Author: Kostas Kampourakis
Publisher: Cambridge University Press
What are genes? What do genes do? These seemingly simple questions are in fact challenging to answer accurately. As a result, there are widespread misunderstandings and over-simplistic answers, which lead to common conceptions widely portrayed in the media, such as the existence of a gene 'for' a particular characteristic or disease. In reality, the DNA we inherit interacts continuously with the environment and functions differently as we age. What our parents hand down to us is just the beginning of our life story. This comprehensive book analyses and explains the gene concept, combining philosophical, historical, psychological and educational perspectives with current research in genetics and genomics. It summarises what we currently know and do not know about genes and the potential impact of genetics on all our lives. Making Sense of Genes is an accessible but rigorous introduction to contemporary genetics concepts for non-experts, undergraduate students, teachers and healthcare professionals.
The Century of the Gene. Cambridge, MA: Harvard University Press, 2000.
Kevles, Daniel J. In the Name of Eugenics: Genetics and the Uses of Human
Heredity. New York: Knopf ... Moments of Truth in Genetic Medicine. Baltimore:
Author: Theodore M. Porter
Publisher: Princeton University Press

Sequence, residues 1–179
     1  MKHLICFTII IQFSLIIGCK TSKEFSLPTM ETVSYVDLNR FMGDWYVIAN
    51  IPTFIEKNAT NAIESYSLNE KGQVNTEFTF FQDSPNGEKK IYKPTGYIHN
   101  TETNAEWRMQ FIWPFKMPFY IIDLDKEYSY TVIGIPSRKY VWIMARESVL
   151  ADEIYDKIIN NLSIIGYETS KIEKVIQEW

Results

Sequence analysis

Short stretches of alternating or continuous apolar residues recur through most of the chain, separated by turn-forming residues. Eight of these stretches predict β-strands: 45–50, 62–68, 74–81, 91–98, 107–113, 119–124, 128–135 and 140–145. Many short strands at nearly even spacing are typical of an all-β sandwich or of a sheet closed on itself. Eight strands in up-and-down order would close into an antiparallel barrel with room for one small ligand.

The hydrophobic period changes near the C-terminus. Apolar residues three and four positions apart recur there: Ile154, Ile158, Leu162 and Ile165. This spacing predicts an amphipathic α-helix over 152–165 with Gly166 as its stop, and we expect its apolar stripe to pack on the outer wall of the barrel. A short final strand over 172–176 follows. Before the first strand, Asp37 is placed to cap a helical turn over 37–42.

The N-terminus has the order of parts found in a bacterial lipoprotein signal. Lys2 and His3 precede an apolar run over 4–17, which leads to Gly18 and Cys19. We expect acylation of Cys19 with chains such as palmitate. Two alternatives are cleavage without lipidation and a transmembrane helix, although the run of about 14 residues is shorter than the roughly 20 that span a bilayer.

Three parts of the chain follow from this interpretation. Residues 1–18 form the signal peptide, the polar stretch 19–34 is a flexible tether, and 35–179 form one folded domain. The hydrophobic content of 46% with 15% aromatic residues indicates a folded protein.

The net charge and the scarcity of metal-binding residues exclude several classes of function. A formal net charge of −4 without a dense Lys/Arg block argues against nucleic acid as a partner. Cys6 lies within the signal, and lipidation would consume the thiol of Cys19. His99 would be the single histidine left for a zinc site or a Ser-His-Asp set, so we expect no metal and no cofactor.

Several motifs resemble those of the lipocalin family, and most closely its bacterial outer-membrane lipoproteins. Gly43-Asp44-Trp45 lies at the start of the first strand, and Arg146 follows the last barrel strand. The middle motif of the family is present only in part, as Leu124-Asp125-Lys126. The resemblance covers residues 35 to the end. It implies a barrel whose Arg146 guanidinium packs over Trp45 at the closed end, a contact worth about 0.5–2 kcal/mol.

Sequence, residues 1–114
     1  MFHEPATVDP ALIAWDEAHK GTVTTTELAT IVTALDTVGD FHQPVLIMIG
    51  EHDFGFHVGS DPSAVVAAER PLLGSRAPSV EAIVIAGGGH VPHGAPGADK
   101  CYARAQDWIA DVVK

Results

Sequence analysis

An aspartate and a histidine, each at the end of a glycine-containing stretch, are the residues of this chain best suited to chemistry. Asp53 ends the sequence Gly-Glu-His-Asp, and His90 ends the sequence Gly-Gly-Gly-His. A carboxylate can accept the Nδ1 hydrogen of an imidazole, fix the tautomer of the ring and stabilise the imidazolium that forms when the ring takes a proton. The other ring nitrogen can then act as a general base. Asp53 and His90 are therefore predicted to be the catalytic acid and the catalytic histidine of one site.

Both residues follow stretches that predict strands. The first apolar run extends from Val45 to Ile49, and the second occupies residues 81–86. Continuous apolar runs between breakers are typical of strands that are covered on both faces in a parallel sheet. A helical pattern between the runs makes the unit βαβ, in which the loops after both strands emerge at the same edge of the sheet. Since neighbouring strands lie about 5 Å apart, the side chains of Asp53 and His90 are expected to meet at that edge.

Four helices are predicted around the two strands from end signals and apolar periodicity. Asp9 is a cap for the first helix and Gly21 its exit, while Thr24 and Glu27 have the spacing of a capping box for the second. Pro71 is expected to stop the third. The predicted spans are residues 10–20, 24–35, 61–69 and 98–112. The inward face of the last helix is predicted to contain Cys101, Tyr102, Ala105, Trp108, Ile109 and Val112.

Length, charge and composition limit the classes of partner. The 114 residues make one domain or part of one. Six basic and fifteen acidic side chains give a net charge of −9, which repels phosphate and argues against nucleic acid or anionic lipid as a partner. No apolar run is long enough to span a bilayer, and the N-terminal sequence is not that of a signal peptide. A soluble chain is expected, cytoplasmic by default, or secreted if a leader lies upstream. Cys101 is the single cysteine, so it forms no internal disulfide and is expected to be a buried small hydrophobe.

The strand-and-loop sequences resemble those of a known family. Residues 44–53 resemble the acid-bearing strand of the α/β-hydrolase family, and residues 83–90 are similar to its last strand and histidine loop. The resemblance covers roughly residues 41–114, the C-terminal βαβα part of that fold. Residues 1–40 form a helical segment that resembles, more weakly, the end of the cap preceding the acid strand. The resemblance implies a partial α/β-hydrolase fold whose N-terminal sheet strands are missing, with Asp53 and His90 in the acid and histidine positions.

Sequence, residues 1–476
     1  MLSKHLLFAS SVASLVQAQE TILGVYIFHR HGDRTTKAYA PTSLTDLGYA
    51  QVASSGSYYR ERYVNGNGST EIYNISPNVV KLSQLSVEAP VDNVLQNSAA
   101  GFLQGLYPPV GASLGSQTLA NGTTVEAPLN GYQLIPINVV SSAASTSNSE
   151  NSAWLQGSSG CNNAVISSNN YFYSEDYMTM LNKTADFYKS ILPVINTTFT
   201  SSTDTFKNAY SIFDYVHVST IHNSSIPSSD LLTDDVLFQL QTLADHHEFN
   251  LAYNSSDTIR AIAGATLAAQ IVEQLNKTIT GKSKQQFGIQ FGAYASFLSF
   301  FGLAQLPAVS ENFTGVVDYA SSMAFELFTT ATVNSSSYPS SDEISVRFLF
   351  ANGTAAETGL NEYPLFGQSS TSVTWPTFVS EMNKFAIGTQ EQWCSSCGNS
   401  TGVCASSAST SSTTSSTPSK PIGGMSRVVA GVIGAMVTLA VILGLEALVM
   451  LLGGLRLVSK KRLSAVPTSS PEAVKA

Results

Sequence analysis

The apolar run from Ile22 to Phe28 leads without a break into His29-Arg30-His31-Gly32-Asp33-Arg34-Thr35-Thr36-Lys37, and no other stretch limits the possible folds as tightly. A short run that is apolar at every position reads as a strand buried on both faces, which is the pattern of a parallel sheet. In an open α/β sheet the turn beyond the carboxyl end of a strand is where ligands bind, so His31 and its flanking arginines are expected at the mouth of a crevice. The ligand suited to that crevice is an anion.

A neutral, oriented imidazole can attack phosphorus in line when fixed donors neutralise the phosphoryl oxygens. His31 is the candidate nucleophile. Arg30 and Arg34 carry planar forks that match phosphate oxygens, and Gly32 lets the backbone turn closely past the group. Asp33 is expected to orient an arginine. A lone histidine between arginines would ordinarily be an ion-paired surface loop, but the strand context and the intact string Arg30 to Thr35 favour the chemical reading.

The untold story of how hereditary data in mental hospitals gave rise to the science of human heredity In the early 1800s, a century before there was any concept of the gene, physicians in insane asylums began to record causes of madness in their admission books. Almost from the beginning, they pointed to heredity as the most important of these causes. As doctors and state officials steadily lost faith in the capacity of asylum care to stem the terrible increase of insanity, they began emphasizing the need to curb the reproduction of the insane. They became obsessed with identifying weak or tainted families and anticipating the outcomes of their marriages. Genetics in the Madhouse is the untold story of how the collection and sorting of hereditary data in mental hospitals, schools for "feebleminded" children, and prisons gave rise to a new science of human heredity. In this compelling book, Theodore Porter draws on untapped archival evidence from across Europe and North America to bring to light the hidden history behind modern genetics. He looks at the institutional use of pedigree charts, censuses of mental illness, medical-social surveys, and other data techniques--innovative quantitative practices that were worked out in the madhouse long before the manipulation of DNA became possible in the lab. Porter argues that asylum doctors developed many of the ideologies and methods of what would come to be known as eugenics, and deepens our appreciation of the moral issues at stake in data work conducted on the border of subjectivity and science. A bold rethinking of asylum work, Genetics in the Madhouse shows how heredity was a human science as well as a medical and biological one.